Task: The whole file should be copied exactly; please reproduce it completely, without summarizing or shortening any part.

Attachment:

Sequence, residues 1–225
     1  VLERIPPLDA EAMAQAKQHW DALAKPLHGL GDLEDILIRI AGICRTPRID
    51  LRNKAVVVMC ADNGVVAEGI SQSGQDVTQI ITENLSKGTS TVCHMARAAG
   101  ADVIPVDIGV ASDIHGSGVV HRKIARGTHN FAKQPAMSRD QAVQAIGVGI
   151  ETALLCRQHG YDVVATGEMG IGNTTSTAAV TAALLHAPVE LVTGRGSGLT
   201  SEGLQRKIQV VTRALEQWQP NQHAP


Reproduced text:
Sequence, residues 1–225
     1  VLERIPPLDA EAMAQAKQHW DALAKPLHGL GDLEDILIRI AGICRTPRID
    51  LRNKAVVVMC ADNGVVAEGI SQSGQDVTQI ITENLSKGTS TVCHMARAAG
   101  ADVIPVDIGV ASDIHGSGVV HRKIARGTHN FAKQPAMSRD QAVQAIGVGI
   151  ETALLCRQHG YDVVATGEMG IGNTTSTAAV TAALLHAPVE LVTGRGSGLT
   201  SEGLQRKIQV VTRALEQWQP NQHAP